1530: It becomes apparent the LoFos may be in some strife. Kit confidently gives orders. No-one listens.
1600: Pat returns from hunting for neighbours dragging two planks of wood. Arteries clogged from cheese, he has a minor heart attack. After much digging, the planks are placed under tyres – an abject failure. Will from Bay of Fires Winery receives a distress call and promises to come help.
1605: Kate sits on the plank of wood and cracks a $95 bottle of pinot – looks like we’re on holiday again. We hold an impromptu tasting session: does the pinot taste better out of the bottle or a dirty coffee cup? The bottle wins, though there were some pleasant mocha notes present when drunk out of the cup.
1607: Eddie punches a bull ant.
1630: Will arrives with a ute and a 6-pack of beer. Char couldn’t be happier. Bay of Fires just became our favourite winery in the world.
1930: After three hours of digging, pulling, pushing, looking for other exits and a sunset photo shoot in the back of Will’s ute, the LoFos escape the sandlands. They drive straight to Launny’s greatest invention: the 24/7 service-station-cum-provedore. The Red Feather Inn gives them a welcoming hug. Celebratory toasts are made, as is pasta, and the LoFos rest.
1030: The LoFos arrive at Josef Chromy wines after a restless night haunted by sand and rental cars. They’re taken through the cellar door and past the huge lake, where fly fishing lessons are run, to the production area to meet Jeremy, General Manager and Head Winemaker.
1100: Jeremy explains the unique challenges of the Tassie wine industry: “we need to be self-sufficient and have one of everything, and maybe a spare, otherwise you’re pretty much screwed.”
1105: We see firsthand that Josef Chromy do, indeed, have one of everything. And maybe a spare. They do everything here, from picking to bottling, and our expert consensus is that they are not screwed.
1200: We meet Jeremy post-tour at the onsite restaurant. Eddie & Char taste wines and eat oysters with him. Kate & Pat, the understudies, sit behind the cameras eating complimentary bread. Unlike the chardy dominant sparkling from Bay of Fires, Josef Chromy’s bubbles are all about pinot, giving them a more strawberry-centric vibe.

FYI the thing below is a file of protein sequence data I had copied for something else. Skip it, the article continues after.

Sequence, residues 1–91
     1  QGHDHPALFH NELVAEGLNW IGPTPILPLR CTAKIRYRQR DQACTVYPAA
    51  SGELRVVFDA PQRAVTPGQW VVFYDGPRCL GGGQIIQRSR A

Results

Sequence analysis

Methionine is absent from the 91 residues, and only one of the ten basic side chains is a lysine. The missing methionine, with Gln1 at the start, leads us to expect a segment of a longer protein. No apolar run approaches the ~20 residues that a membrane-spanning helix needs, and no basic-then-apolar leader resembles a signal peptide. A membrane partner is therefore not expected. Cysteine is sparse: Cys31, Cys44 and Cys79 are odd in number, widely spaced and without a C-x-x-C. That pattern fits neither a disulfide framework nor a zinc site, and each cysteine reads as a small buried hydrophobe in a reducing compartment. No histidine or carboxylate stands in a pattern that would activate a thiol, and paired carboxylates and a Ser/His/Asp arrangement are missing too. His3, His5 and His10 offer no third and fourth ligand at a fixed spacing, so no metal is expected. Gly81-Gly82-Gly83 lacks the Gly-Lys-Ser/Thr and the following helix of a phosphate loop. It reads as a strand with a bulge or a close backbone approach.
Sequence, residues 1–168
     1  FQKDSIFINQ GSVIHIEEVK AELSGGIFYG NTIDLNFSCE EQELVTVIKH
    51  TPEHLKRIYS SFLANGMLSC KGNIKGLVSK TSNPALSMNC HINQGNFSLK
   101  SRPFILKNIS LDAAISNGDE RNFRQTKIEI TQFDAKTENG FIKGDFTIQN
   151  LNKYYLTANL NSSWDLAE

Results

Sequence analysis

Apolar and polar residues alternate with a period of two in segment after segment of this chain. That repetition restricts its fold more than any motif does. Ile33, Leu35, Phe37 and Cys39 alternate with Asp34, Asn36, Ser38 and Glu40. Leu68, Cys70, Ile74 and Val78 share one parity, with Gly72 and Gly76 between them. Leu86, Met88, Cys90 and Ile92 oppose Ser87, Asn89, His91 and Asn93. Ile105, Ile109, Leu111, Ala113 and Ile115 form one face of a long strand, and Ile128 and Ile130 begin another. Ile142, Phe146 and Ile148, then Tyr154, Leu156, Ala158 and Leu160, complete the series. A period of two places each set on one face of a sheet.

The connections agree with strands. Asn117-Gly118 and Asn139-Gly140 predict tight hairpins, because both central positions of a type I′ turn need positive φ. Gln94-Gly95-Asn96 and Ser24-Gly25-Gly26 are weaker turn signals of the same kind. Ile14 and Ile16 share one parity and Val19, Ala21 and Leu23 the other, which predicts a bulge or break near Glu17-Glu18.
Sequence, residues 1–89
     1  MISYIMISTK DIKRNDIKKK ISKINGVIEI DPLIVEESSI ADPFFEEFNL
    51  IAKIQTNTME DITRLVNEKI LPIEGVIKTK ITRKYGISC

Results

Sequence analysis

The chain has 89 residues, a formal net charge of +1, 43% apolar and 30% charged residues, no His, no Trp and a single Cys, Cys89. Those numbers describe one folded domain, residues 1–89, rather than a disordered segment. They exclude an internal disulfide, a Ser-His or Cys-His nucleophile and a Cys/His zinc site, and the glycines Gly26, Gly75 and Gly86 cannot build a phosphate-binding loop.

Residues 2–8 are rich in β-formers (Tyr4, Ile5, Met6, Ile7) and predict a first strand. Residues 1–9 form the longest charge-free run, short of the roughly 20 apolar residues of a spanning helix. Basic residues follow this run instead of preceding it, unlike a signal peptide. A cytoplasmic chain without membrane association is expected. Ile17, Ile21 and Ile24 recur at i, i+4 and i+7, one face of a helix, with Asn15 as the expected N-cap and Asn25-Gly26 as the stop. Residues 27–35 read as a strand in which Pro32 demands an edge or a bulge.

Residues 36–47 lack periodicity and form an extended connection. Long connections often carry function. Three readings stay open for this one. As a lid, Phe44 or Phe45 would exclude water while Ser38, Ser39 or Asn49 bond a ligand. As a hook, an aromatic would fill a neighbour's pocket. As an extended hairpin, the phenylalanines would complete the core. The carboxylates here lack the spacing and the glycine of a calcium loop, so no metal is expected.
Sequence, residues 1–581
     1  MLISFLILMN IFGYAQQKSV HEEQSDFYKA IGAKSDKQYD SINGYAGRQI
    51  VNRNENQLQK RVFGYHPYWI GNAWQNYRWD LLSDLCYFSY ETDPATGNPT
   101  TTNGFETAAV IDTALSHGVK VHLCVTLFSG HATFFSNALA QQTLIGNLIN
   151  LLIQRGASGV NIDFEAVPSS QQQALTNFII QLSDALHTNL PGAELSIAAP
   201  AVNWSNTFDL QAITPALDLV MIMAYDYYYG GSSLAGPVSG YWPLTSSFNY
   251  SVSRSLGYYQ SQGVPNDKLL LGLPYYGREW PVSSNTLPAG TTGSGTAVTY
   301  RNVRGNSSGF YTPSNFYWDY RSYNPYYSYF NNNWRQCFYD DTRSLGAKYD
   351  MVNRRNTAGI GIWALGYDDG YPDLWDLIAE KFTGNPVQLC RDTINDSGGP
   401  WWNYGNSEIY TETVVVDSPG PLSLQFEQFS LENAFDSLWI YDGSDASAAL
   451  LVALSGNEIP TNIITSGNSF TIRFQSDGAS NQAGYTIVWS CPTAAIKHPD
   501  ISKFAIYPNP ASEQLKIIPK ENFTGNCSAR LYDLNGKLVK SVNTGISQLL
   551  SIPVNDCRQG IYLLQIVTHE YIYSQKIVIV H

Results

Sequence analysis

The pinot is one of the most consistent in Tassie, whereas the chardonnay is quite varied. Jeremy loves both richer and lighter styles and prides himself on having a chardy for everyone. Hot tip: if you can get your hands on a bottle of the riesling, don’t hesitate. It was a very welcome, delicious surprise.
1245: Wine tasting turns into an extended lunch. The restaurant is booming on a Tuesday afternoon (it’s seriously good, having recently hosted Alain Passard, the #1 chef in the world as ranked by Le Chef Magazine in 2016). The LoFos fall in love with their beef carpaccio. And order a second bowl of fries.
1400: We meet Jeremy back at the production area to cut the top off sparkling wines. Sabring, it’s called. Jeremy produces a sword, naturally, and swashbuckles the hell out of it. Pat goes next – he closes his eyes, prays and succeeds – an alcoholic’s Johnny Depp.
1500: Jeremy shares a Boags XXX Ale with us (they can only be found in Tasmania). A cream Mercedes crunches over the gravel driveway and Josef Chromy himself steps out. He’s a bit of a hero in the Australian wine industry, having escaped the Nazi occupation in Czechoslovakia and eventually made his way to Tasmania to play an instrumental role in developing Tassie wineries (after mining asbestos and becoming Tassie’s largest non-government employer through his butchery, of course).
1505: With a notebook and pen in his shirt pocket, Joe swirls his glass of pinot and takes a sip. He nods, excuses himself and pulls Jeremy away to talk business. We feel like children in front of this 86-year-old legend.
0940: The LoFos leave their home, the Red Feather Inn, saddened they’ll never stay anywhere quite so lovely again.
1000: We arrive at Velo Wines to meet Mary and Michael. Beau, their overly friendly dog, humps our legs into submission. We later find out she likes to dominate “dog people”. We feel used. And flattered.
1015: With Beau satisfied, we move to the cellar door with Mary. Michael hasn’t arrived yet as he’s out riding bikes. FYI, he’s an ex-Olympian and used to ride the Tour de France, hence the name Velo. Mary pours out some tasty vinos, including a ridiculous 2013 reserve cab merlot (one of her favourite vintages). She tell us “when you’re a small vineyard each vintage means so much to you. Each one has so many memories attached to it.”
1030: Michael arrives. He pretends he doesn’t love Beau. He does, but luckily not as much as Beau loves us. He tell us “winemaking is easy, it’s just about the quality of fruit. Winemakers get a lot of credit but it’s the people in the vineyard who are doing the hard yards.”
1045: Matt, the chef next door at Timbre, is firing up the wood oven. Not only does he cook everything over flame, but he also gives locals official ‘Timbre Dollars’ if they bring in fresh produce. These dollars have Matt’s face on them. It’s kinda weird, but kinda awesome, and very Tasmanian.
1105: It’s time for these Lonely Mofos to get back home. But first, we’ve got three tonnes of sand to clean outta our car.
If you’re after a wine trail without wank or pomposity, the Tamar is the trip for you. From winemakers to waiters to the servo attendants decked out in suit pants and tie, you’d struggle to find a more friendly, welcoming and down-to-earth bunch of locals. The wines reflect that. Honest, quality examples of delicious vino that have fought for their place as some of the most exciting wines coming out of Australia and won.
Wanna drink Tamar vino? Grab a copy of Wine Trails here.